Guide to running for beginners
Running is probably one of the simplest of sports to take up as all that it requires is you and your motivation, your trainers and the great outdoors! Whether you are running for fitness, weight loss, enjoyment, or to overcome chronic illness, it is a sport that you can do in all weathers, in any environment and you can cover the key aspects of fitness: from strength & speed, to stamina and coordination, you can address it all without the necessity of a gym membership. It really is that simple so if you are ready to get started, here are a few tips for beginners:
- The main reason that beginner runners do not persevere is that they start too quick and do too much too soon which can make for a very uncomfortable experience. To avoid injury and enjoy the experience, it is essential to ease yourself into it slowly and increase your pace and distance gradually over several runs. If you do not already have a good base level of fitness, start by walking for up to 20-30mins and if this is comfortable, start to include some short intervals of jogging for 1-2mins. Gradually increase the intervals until eventually you are able to run for the duration.
- When you do run, do not start running too fast – have a slow progressive warm up of 5-10mins to allow the body to prepare and utilise the most efficient energy system. In the initial stages of a beginner’s running practice, it is important to exercise at an intensity whereby you are able to hold a conversation comfortably in short sentences as this shows that you are working aerobically. Also ensure a gradual cool down and a good stretch routine post run.
- With regards to distance, the 10% rule is good to abide by for progression and to avoid injury. Basically this means that you do not increase your running mileage by more than 10% for your single longest run from week to week, or for your overall weekly mileage.
- Think about your posture and form when running. Aim to maintain an upright running posture with relaxed arms and shoulders and a smooth efficient running stride. A good goal cadence to aim for is 180 foot strikes per minute so you may want to count the number of one leg foot strikes over 15secs at various intervals of your run and if it is 22-23 then you know you are achieving this.
- There is currently a lot of varied opinions on choice of trainer with debates on cushioned versus minimalist trainers. It is important to do your own research and follow the path that feels natural to you. You may want to have a thorough running gait analysis to give you an insight into your personal running style and areas that you may need to work on. Running is a very pure experience and so therefore don’t be drawn into fashions and gimmicks that some manufacturers may use to persuade you to buy their product.
- Once you start a running routine, try to be consistent – it is better to run 2X per week and progress from there rather than run every day and then not run for a week. You may also consider some cross-training, such as cycling, which will also benefit your general fitness without the impact of running only.
- You may prefer to run with company for motivational or safety reasons so you could arrange to run with a friend of similar ability. Alternatively, consider joining a local running club as most clubs now have enough members to split into ability groups enabling the runners to run with others of the same pace.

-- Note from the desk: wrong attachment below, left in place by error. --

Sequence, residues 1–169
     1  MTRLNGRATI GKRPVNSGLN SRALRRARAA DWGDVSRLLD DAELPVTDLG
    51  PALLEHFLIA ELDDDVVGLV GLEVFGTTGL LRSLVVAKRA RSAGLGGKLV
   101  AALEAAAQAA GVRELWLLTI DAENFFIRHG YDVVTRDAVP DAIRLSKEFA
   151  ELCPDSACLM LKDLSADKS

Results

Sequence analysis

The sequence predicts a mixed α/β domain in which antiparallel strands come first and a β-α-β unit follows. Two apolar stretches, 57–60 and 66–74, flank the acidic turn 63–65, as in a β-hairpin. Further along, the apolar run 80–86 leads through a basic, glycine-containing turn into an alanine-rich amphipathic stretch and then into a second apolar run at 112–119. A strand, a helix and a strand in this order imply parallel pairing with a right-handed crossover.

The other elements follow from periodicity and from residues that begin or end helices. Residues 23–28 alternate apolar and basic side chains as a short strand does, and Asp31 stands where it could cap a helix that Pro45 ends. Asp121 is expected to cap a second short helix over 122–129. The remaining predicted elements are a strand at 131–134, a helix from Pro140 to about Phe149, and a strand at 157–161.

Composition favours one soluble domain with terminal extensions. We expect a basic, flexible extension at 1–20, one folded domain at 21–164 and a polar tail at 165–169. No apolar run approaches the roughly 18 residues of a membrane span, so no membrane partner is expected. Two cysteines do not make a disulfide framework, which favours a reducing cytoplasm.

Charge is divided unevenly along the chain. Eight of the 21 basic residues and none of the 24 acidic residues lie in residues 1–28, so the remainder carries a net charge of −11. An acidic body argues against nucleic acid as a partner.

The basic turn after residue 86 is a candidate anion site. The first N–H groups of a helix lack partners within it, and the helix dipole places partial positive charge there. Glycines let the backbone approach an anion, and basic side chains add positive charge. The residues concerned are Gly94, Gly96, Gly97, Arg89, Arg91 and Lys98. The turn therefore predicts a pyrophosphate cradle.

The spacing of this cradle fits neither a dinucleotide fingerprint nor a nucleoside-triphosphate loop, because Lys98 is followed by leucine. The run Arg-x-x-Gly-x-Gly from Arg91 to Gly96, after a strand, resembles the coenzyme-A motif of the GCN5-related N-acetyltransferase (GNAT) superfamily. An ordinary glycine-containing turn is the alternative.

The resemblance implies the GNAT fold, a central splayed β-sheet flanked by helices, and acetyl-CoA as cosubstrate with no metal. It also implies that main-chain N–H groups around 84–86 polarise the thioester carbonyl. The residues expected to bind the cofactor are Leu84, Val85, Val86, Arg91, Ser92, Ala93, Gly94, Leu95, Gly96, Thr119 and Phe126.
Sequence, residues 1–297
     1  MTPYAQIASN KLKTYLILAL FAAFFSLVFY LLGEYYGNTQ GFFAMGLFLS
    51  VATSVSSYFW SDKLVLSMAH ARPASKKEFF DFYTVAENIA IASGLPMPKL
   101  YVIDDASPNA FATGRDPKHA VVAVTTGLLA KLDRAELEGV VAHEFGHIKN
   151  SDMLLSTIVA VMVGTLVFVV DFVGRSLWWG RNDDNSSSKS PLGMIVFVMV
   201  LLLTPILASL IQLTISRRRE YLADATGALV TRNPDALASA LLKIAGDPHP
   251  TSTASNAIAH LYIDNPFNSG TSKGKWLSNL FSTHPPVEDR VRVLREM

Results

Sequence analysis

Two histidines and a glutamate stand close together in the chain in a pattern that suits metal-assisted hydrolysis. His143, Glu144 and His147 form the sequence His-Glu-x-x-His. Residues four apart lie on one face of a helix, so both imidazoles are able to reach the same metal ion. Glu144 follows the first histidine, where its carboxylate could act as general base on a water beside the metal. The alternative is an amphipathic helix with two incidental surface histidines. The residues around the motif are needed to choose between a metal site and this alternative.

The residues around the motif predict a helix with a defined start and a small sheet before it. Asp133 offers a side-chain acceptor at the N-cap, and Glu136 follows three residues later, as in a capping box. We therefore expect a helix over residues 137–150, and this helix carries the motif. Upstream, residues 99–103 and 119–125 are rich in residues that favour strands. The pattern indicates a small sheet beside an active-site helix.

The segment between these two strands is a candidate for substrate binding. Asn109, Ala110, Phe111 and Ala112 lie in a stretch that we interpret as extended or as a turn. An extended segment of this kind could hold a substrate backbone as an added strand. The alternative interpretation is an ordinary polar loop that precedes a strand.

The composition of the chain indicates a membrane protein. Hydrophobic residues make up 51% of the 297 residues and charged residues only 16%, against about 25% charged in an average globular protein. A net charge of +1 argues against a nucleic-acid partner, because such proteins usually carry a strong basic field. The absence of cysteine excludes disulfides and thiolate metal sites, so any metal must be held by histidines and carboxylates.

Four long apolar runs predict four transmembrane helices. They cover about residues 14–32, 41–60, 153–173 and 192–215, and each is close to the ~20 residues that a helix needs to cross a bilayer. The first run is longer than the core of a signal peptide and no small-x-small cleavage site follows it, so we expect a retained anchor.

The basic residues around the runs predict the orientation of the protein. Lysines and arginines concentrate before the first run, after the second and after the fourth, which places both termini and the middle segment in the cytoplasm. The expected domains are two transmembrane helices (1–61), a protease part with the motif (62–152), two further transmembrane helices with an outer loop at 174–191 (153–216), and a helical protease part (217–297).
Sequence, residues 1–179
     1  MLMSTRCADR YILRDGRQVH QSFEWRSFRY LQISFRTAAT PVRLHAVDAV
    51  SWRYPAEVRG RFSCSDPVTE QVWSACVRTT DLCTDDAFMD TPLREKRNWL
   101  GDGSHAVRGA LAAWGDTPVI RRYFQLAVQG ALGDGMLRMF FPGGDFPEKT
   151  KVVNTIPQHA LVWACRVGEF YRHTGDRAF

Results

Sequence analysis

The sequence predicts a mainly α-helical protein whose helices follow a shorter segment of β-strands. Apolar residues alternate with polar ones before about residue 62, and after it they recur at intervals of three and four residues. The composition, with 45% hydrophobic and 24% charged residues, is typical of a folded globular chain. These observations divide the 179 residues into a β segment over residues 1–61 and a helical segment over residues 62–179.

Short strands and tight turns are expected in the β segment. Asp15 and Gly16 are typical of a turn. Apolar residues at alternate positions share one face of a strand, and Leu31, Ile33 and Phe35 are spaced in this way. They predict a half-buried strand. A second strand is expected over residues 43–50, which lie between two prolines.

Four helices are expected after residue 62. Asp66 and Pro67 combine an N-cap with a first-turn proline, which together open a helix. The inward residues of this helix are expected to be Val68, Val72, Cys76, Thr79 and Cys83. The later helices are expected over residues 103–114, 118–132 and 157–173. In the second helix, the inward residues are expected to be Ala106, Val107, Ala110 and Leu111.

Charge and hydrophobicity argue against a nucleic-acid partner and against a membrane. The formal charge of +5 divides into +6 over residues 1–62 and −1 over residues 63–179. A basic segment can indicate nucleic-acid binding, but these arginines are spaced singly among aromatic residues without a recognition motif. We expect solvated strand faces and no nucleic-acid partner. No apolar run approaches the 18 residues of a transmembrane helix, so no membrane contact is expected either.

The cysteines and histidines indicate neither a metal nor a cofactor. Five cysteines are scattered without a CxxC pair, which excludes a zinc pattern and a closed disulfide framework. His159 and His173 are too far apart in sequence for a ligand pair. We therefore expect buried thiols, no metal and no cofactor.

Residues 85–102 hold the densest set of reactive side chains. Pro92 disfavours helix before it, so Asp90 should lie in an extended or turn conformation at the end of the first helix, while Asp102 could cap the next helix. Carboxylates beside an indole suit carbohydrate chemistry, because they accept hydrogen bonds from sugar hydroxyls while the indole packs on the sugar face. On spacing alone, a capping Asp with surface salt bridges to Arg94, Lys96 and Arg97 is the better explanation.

- Goal-setting is good practise and it will keep you focussed so once you have developed your base running fitness, think about entering a short charity run or a 5k race/ Park run as a personal challenge. Also keeping a training diary can be encouraging as you look back and enjoy seeing how you have progressed and what you have managed to achieve.
- As you develop and progress, you may choose to take a more scientific approach to your training. This could include working in various heart rate zones using different energy systems or running to individually calculated run paces based on run tests. In this regard, training tools such as a heart rate monitor and/or GPS style device may become a valuable piece of equipment.
- There are numerous running races in the UK and worldwide of all distances and all terrains whether you enjoy racing for the experience or for the competitive nature, there is an event out there for all.
- As running becomes part of your weekly routine and you become more serious or competitive, you will need to consider the use of supplementation to meet the additional demands being placed on your body as diet alone is not always enough.
- You will perform better in your run training if you eat good energising foods and it is up to you as an individual to find which foods you perform well on and which foods to avoid. Most people suffer if they eat solid foods within a couple of hours of running as your body will divert the blood to the working muscles and therefore the digestion of food will not be a priority and it will sit heavy in your stomach. One way to fuel your running is to supplement with liquids or gels which are easily absorbed into the bloodstream: a carbohydrate drink with electrolytes (lost through sweating) such as USN Cytopower, or a Vooma gel, provides a good training or racing fuelling strategy. If you tend to sweat a lot, an electrolyte tablet such as Acti-Fizz dropped in 500ml of water will help with re-hydration and replenishing of important electrolytes.
- Equally important to consider is your recovery after a hard training session and a drink such as R3 Xcell which contains carbohydrates, electrolyte and protein will help to replenish after a long or hard run so that you are ready to go again next time!
- Ensuring a good source of protein on your rest days will further assist the body to repair and develop as the training effect takes place– Protein GF-1 is a useful addition to anybody’s diet.